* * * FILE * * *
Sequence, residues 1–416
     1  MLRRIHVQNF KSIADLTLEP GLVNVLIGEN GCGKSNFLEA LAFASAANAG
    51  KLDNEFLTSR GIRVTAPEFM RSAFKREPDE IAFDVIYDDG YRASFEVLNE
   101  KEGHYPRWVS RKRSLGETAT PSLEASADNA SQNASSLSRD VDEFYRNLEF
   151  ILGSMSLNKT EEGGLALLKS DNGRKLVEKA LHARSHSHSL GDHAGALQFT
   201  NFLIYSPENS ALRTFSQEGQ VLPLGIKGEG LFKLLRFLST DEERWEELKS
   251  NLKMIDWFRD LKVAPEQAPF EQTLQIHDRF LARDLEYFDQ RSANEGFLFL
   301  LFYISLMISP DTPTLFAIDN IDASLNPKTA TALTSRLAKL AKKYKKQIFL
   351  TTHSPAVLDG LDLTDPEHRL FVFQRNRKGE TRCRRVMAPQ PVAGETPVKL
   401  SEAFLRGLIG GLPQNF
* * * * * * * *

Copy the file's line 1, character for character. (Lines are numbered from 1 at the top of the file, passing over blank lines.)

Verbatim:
Sequence, residues 1–416